WAGR syndrome is an acronym for the complex of symptoms seen in people who have the condition. These include Wilms tumor, a tumor of the kidneys; aniridia, absence of the iris, in the eye; genital and urinary tract abnormalities; and mental retardation. WAGR syndrome occurs in one out of every 500,000 to 1 million persons. People with WAGR syndrome lack genes that are grouped on chromosome 11. All people with WAGR syndrome lack two specific genes, called WT1 and PAX6, but each person can also be missing other nearby genes. The genetic deletions found in WAGR syndrome occur on only one of the two copies of chromosome 11. Brain derived neurotrophic factor (BDNF) is, as its name implies, produced in the brain. Studies of mice had determined that animals missing a working copy of the BDNF gene were prone to excessive eating and obesity. According to an article published in the New England Journal of Medicine (2008;359:918-927), BDNF, which also plays a role in long term memory, appears to be involved in regulating how much people eat and their likelihood of becoming obese. The study evaluated children and adults with WAGR syndrome, where some of the people also lack a gene for BDNF. Interestingly, people in this subgroup also have unusually large appetites and a strong tendency towards obesity. WT1 and PAX6 are located in the region of the chromosome that’s near the gene for BDNF. For this reason, chromosome 11 was examined from WAGR syndrome patients to learn if the gene for BDNF was also affected. For the current study, analyses of chromosome 11 was conducted in 33 patients with WAGR syndrome. A total of 19 patients (58%) had deletions of all or a major proportion of one copy of the gene for BDNF. By age 10, all of the 19 were obese and were reported to have a strong tendency to overeat. Moreover, all of the 19 had blood levels of BDNF that were roughly 50% lower than those of patients who had two working copies of the BDNF gene. The patients who had two working copies of the BDNF gene were no more likely to develop childhood onset obesity than the general population, and did not report unusually high levels of overeating. BDNF is believed to work in combination with a variety of other substances that regulate appetite and body weight. Chief among these is leptin, a hormone found to be involved in signaling hunger. Release of BDNF in the hypothalamus, a part of the brain involved in controlling eating, is believed to be indirectly triggered by leptin. Studies of the relationship between the two, and of BDNF’s action on tissues, may lead to the development of new drugs to treat obesity in some individuals.

Molecular biologists, at St. Jude Children’s Research Hospital in Tennessee, have found that brain tumors appear to arise from cancer 1) ___ cells that live inside tiny protective ‘niches’ formed by blood vessels in the brain. Breaking down these niches is a promising strategy for eliminating the tumors and preventing them from re-growing. These researchers have found that drugs that block new 2) ___ vessel formation can destroy the protected areas and stop cancer from developing. Figuring out a way to wipe out brain tumors has been a mystery. But now, a new discovery may offer clues and hope for those with even the most hard-to-treat tumors. For years, researchers thought all 3) ___ inside a tumor were the same. But recently, they’ve discovered something different — a small group of cancer stem cells, give rise to all the cells that make up the 4) ___. Research showed those cancer stem cells (CSCs) live close to blood vessels, which 5) ___ them. In lab experiments, it has been shown that drugs that target the blood vessels also destroy the cancer stem cells and can ultimately wipe out the tumor. If those cells can be 6) ___, there can be a devastating effect on the disease. Drugs like Avastin and Tarceva are now being tested in humans to see if they can target the cancer stem cells, as a tangible way of actually getting at the heart of the disease. Other cancers, like those of the blood and colon, also contain cancer stem cells and may be treated in a similar way in the future. Scientists previously believed that tumors are lumps of cancerous 7) ___ that must be completely removed or destroyed to cure a patient. But over the last five years, cancer researchers have learned that not all cancer cells are created equal. In the same way that normal tissue in the body is generated from 8) ___ cells, so is cancer. CSCs are the ultimate 9) ___ of the tumor, consistently supplying it with new cells. Researchers have identified the CSCs for acute myeloma leukemia and four types of brain cancer. So it is possible that we need not kill all cancer cells to rid a patient of the disease. Targeting the CSCs specifically might be much more efficient. To find a weakness for CSCs, neurobiologists at St. Jude compared them to noncancerous neural stem cells. These neural tissue generators are concentrated in regions rich in blood vessels. The vessels are lined with 10) ___ cells, which secrete chemical signals that help stem cells survive. CSCs, they discovered, required similar conditions to flourish: in over 70 human brain tumors, the CSCs were frequently located close to tiny vessels called 11) ___. When the researchers injected mice with a mix of stem and endothelial cells from human brain tumors, those animals sprouted larger tumors than the mice that received stem cells alone. The new findings from St. Jude indicate that it is possible to kill the cancer by disrupting the shielded compartments in the small capillaries of the brain where CSCs reside. Anti-angiogenic drugs, such as Avastin, block the formation of new blood vessels. In tests with mice, those same drugs cause a significant 12) ___ in cancer stem cells and slow tumor growth. Human clinical trials are currently in progress at St. Jude to determine the effectiveness of Avastin and another anti-angiogenic drug in eliminating tumors and preventing their recurrence in children with brain cancers.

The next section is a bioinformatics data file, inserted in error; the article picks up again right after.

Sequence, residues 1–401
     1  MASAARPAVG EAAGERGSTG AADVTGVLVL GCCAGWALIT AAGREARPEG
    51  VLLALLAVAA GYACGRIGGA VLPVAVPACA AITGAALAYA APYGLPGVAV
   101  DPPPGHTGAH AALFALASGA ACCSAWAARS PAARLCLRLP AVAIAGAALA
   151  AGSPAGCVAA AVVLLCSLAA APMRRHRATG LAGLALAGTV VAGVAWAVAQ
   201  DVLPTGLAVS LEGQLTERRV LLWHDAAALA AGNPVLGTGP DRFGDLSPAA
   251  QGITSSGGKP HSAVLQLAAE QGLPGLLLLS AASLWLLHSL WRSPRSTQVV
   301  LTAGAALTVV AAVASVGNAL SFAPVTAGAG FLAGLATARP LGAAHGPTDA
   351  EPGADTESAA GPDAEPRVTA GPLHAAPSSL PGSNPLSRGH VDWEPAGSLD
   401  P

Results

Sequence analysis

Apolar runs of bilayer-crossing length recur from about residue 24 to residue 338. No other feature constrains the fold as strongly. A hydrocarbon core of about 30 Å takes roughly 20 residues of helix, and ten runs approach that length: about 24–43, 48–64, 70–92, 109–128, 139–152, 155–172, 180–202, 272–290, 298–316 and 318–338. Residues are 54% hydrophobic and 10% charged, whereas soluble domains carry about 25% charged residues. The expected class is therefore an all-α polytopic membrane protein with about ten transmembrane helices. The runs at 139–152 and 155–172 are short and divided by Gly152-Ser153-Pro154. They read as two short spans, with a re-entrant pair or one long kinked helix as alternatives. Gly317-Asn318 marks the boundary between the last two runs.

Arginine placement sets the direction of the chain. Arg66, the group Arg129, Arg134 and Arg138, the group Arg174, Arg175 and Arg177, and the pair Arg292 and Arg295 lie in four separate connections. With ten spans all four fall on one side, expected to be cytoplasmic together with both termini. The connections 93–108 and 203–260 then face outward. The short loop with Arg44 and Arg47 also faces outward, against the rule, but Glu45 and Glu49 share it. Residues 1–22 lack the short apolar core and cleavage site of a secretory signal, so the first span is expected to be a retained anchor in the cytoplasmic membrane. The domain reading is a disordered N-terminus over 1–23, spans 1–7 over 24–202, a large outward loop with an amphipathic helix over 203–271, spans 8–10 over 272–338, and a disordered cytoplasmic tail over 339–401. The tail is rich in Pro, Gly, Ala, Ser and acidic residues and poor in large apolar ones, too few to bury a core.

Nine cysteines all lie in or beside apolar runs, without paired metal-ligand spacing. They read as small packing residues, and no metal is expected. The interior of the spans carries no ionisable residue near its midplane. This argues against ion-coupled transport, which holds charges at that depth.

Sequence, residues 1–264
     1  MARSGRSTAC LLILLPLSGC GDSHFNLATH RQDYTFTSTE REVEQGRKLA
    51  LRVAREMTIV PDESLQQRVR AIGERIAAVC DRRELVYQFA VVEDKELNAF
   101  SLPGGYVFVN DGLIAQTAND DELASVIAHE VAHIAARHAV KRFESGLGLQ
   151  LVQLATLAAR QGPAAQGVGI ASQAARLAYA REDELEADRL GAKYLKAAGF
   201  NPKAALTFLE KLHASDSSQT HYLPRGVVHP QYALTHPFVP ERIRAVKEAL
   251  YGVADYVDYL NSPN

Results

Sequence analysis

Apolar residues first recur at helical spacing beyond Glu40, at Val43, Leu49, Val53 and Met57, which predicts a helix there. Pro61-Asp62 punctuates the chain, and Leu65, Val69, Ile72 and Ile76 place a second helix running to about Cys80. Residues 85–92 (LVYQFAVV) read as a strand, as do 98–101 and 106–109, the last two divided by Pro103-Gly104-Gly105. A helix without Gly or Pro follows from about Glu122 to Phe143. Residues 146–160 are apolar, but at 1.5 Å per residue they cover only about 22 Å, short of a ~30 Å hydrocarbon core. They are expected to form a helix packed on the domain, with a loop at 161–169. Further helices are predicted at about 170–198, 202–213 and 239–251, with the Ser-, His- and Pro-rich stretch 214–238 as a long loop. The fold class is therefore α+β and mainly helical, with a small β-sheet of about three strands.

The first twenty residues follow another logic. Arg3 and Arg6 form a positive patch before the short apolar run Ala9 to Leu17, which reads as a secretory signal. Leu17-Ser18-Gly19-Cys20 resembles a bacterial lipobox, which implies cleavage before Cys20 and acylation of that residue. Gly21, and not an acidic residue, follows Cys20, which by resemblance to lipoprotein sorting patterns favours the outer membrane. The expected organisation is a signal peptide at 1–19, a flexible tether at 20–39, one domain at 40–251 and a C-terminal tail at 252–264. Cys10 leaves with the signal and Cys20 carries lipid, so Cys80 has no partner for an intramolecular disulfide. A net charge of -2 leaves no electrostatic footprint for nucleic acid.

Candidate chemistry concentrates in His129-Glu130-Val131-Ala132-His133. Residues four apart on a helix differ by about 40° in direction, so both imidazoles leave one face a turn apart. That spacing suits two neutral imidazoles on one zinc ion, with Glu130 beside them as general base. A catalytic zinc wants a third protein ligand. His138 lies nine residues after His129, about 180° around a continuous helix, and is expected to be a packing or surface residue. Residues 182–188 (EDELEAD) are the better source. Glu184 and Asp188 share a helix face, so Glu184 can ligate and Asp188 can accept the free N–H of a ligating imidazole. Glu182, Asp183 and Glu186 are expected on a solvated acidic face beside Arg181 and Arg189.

ANSWERS: 1) stem; 2) blood; 3) cells; 4) cancer; 5) fuel; 6) targeted; 7) tissue; 8) stem; 9) source; 10) endothelial; 11) capillaries; 12) drop